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Expect power conferences to get more powerful in coming years

Mark Emmert AP

NCAA football hasn’t had an level playing field in decades (if ever), but has always operated in an idealist manner as if one exists.

That won’t be the case for much longer. USA Today’s George Schroeder reports from the NCAA’s annual convention in San Diego that the five power conferences — ACC, Big Ten, Big 12, Pac-12 and SEC — will soon be able to operate without having to answer to lower-revenue conferences and schools.

On a separate but parallel track, schools in the power conferences chafed at the constraints placed upon them by schools with fewer resources. In recent years, proposals such as stipends (or enhanced scholarships designed to cover full cost of attendance), favored by the 65 schools in the five wealthiest conferences, were voted down by the larger Division I membership of more than 350 schools.

Thanks to the SEC’s new TV deal and the College Football Playoff, the revenue gap between the power conferences, non-power conferences and FCS level will only continue to grow. There’s plenty of good info in Schroeder’s story (again, read here), like how the power conferences won’t split away and form a new division — surprisingly enough due to a desire to not harm the NCAA men’s basketball tournament.

For schools in the non-power conferences — your NIUs, UCFs, Fresno States — there still will be a seat at the table. But in the business of college football, there’s not much they’ll be able to do to keep up Alabama, Oregon, Ohio State and the like.

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3 Responses to “Expect power conferences to get more powerful in coming years”
  1. ratsfoiledagain says: Jan 15, 2014 11:28 AM

    Money is killing college athletics.

  2. Professor Fate says: Jan 15, 2014 12:05 PM

    It is long past time for those “power” conferences to be put in their own division. The remaining schools in Division I (I don’t bother trying to remember convoluted abbreviations like FBS, FCS, etc., any longer) should be called Division II, FCS should become Division III, etc., and thus be free of the yearly disappointment of being unable to compete with the “super” conferences.

    Baseball has many subdivisions after the majors (AAA, AA, A, Rookie, etc.) so there’s no reason CFB can’t do the same. A hundred and twenty five schools (with four more joining in 2015) is too many when you consider that something approaching a hundred of them have little chance of ever competing for that crystal football.

    Another solution would be to adopt a variation of the British Premier League’s relegation policy. Make the top five conferences the premier league and allow the remaining schools the chance to move up into them based on performance. Which conference they join, while relegating a poor-performing current conference member, would be based on geography. This would, of course, mean a complete overhaul that reduces the conference chancellors’ powers, but I see that as a huge positive.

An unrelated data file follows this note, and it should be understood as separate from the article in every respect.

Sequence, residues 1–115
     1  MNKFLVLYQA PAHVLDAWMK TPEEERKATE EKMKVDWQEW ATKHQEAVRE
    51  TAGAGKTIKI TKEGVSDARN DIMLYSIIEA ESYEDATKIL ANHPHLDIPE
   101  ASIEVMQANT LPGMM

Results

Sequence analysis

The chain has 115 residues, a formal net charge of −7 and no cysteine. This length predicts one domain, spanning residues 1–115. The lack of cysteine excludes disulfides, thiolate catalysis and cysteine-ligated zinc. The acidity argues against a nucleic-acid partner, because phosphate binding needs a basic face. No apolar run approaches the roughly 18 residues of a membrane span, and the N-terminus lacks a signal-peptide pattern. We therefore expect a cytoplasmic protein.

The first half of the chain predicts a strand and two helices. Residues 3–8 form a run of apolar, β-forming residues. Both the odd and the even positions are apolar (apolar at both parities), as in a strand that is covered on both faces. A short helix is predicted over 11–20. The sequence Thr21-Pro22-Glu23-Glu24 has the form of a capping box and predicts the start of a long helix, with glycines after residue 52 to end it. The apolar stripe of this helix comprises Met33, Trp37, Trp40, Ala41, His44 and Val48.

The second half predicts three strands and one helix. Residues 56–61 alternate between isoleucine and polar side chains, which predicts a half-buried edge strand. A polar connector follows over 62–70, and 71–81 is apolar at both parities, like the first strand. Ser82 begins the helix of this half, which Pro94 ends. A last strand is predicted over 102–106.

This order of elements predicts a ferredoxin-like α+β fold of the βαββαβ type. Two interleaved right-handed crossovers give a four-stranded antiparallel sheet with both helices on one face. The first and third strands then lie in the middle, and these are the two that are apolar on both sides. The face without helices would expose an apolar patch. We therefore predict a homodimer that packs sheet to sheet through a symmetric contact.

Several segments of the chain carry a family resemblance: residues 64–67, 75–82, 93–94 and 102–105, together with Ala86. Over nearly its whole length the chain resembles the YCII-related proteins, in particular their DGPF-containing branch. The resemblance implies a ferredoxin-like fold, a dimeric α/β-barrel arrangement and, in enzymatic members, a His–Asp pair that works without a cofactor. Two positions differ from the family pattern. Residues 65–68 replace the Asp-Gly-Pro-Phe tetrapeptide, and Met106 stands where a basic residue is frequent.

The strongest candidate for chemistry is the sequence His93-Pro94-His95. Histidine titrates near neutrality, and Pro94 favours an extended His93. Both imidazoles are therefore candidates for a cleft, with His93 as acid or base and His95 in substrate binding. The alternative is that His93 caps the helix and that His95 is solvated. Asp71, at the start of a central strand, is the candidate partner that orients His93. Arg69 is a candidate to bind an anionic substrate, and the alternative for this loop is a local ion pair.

Another choice would be to abolish conferences entirely in favor of one super conference. Each team would be allowed to retain a couple of traditional rivalries and the rest of the schedule would be determined by the NCAA (or an independent entity since the NCAA tends to screw up almost everything it touches). This would not only make the top schools play regular season games against one another, but eliminate the cream-puff lower-tier teams from certain schools’ schedules (looking at you, SEC).

    I’m sure there are many other variations that deserve consideration, but the one thing that can be said is that the current system improves only incrementally on the now-defunct BCS (may it rest in controversy) by the simple fact that it does little to rectify the logjam 125 schools present. A four-team playoff is not going to end the yearly circus of fans (and teams) complaining that they got screwed in favor of teams with better exposure and/or influence.

    Putting the top five conferences in their own division would cut the number of teams in CFB’s premier class in half. Revamping scheduling would permit having a real playoff that would include more than four teams as well as forcing all teams to play against quality opponents rather than padding their won/loss records with patsies.

    If college football wants to be a top-tier sports attraction in this country, rivaling leagues like the NFL, NBA, and MLB, it needs to eliminate the current parochial, and biased, way it allows games to be scheduled and determines “champions.” Facing the simple fact that there are 62 teams in five conferences (with perhaps half of those entertaining a somewhat realistic chance of being a national champion) that are dominating the game and should be placed in their own division would be a huge step in that direction.

  3. musketmaniac says: Jan 16, 2014 3:28 PM

    money is killing college sports. the first acc raid on the bigeast was the beginning. I stated this five years ago, as expansion is killing college athletics. The only way to save it is moving forward. Six super conferences with sub divisions. four team conference playoffs with one spot going to the sub division. Example Big ten playoffs 2018 michigan vs ball state ohio stae vs nebraska. Ball st being the mac representive. 16 team conference with the last two spots revolving and sub division access to playoff. will give us a true national champion.

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